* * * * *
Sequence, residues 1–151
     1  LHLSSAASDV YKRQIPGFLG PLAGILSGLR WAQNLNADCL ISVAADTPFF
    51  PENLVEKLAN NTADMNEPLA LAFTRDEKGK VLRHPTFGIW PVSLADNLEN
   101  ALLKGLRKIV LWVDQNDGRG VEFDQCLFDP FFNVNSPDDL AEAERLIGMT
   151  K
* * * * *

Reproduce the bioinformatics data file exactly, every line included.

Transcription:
Sequence, residues 1–151
     1  LHLSSAASDV YKRQIPGFLG PLAGILSGLR WAQNLNADCL ISVAADTPFF
    51  PENLVEKLAN NTADMNEPLA LAFTRDEKGK VLRHPTFGIW PVSLADNLEN
   101  ALLKGLRKIV LWVDQNDGRG VEFDQCLFDP FFNVNSPDDL AEAERLIGMT
   151  K